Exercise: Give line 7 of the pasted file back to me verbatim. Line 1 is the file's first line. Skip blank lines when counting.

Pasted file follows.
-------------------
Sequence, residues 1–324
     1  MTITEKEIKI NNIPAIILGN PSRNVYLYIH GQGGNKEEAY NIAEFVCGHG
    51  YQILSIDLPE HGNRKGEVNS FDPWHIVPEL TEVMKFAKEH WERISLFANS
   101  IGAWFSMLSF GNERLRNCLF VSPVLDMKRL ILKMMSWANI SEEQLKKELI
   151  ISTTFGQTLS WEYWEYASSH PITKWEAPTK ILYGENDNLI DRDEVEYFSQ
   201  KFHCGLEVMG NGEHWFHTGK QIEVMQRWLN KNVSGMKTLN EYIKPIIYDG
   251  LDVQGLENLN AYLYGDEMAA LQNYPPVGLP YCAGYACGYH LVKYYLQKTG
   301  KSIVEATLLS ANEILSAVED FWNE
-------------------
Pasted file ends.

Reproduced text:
   251  LDVQGLENLN AYLYGDEMAA LQNYPPVGLP YCAGYACGYH LVKYYLQKTG